The intersection of Facebook use and Free Speech is complicated. Complicated enough, in fact, that the U.S. Supreme Court will weigh in on the subject when it decides a case it is scheduled to hear argument in today, Elonis v. United States.
The basic legal principle at issue is what constitutes a “true threat.” It is a crime to use the phone or Internet to make a “threat to injure” another person. And “true threats” are not protected as speech under the First Amendment. So, “true threats” to injure another made via Facebook can be punishable as crimes. Otherwise, the speech would be protected by the constitution and could not be considered criminal.
But what’s a “true threat?” Is that question to be answered by the “reasonable person” who would be subject to the threat? Or does the speaker have to have intended his words as a threat to constitute a criminal act?
In Elonis, the defendant was arrested after making violent threats directed to his ex-wife (and others). At trial, he testified that he did not intend to frighten anyone and compared his posts to rap lyrics. The jury didn’t buy it and found that a reasonable person would have viewed the posts as “true threats.” So now the Supreme Court will decide what the “true test” for “true threats” should be.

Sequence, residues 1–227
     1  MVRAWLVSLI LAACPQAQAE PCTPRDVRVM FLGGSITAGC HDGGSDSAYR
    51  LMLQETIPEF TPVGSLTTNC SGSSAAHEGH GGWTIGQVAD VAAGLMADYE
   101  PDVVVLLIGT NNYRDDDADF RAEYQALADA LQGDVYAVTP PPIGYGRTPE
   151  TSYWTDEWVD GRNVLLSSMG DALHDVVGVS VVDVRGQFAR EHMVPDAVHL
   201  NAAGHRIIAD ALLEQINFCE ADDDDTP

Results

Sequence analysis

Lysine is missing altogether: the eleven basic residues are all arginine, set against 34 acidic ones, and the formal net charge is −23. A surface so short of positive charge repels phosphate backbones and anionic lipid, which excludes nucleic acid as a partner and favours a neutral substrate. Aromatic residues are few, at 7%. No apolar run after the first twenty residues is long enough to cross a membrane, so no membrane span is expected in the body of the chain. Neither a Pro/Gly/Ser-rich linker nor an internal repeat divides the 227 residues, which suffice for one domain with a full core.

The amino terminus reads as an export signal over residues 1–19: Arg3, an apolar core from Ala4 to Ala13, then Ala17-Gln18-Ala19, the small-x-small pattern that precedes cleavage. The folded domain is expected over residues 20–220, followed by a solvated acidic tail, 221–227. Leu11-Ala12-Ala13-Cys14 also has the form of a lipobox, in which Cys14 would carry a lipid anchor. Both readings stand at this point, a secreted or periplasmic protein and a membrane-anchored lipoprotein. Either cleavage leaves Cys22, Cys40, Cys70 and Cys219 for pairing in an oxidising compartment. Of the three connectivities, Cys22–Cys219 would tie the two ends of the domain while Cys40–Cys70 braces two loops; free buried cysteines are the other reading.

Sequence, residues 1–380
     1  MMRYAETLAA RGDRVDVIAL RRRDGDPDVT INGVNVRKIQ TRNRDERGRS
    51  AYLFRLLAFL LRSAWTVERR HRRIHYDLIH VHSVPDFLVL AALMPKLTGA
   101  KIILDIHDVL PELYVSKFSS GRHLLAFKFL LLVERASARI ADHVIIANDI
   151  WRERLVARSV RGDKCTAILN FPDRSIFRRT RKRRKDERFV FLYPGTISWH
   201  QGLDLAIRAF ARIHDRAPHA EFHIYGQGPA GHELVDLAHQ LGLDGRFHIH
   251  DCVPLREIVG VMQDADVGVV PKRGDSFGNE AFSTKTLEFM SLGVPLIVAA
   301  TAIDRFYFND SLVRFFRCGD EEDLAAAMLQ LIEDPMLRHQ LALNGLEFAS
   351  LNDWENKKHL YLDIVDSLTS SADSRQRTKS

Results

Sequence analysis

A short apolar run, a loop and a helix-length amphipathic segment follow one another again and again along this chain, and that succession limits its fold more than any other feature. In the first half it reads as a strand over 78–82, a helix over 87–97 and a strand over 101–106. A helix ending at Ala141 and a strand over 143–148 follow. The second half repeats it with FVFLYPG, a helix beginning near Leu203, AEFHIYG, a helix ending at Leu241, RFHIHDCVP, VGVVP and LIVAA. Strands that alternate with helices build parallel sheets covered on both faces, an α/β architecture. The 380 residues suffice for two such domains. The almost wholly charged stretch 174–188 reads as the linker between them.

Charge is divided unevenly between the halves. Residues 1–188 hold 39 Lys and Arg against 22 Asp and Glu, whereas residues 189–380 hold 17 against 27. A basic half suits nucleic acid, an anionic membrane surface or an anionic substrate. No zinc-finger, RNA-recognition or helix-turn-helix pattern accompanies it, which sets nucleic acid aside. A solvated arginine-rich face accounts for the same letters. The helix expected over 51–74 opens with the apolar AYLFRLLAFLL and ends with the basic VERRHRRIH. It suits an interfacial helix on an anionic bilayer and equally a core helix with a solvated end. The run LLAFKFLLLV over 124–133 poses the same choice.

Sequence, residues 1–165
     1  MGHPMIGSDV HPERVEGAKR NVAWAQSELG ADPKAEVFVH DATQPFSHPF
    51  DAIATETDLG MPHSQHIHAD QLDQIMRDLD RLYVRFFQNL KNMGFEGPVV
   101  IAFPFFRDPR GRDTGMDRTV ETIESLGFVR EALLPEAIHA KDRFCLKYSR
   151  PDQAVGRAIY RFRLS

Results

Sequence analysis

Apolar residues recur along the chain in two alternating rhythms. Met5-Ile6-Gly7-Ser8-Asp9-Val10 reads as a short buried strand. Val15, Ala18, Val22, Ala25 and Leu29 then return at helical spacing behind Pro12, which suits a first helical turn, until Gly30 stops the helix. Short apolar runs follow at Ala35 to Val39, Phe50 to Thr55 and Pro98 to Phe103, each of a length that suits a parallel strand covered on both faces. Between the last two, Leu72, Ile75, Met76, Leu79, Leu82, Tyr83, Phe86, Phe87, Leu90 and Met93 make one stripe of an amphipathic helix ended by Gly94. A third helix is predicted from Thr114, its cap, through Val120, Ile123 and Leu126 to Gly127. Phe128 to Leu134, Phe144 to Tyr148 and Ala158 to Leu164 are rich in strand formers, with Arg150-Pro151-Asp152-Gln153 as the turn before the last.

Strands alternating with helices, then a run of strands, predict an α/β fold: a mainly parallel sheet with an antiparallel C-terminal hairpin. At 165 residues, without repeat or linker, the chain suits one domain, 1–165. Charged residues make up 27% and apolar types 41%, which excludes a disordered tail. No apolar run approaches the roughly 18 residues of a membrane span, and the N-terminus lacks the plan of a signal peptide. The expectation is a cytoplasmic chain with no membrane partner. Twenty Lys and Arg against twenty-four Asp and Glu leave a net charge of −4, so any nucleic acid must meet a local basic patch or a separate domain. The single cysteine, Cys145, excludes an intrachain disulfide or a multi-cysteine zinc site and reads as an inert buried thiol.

The legal issue may appear easier than it is. The facts of the case may make the speech and speaker less sympathetic. For example, his Facebook comments included the following about his wife, after she left with their two children:
If I only knew then what I know now, I would have smothered [you] with a pillow, dumped your body in the back seat, dropped you off in Toad Creek and made it look like rape and murder.
He later posted, “I’m not gonna rest until your body is a mess, soaked in blood and dying from all the little cuts.” And, when a court issued the wife a protective order, Elonis posted whether it was “thick enough to stop a bullet.” He also threatened to kill an FBI agent and to slaughter a class of kindergarten students, reports the LA Times.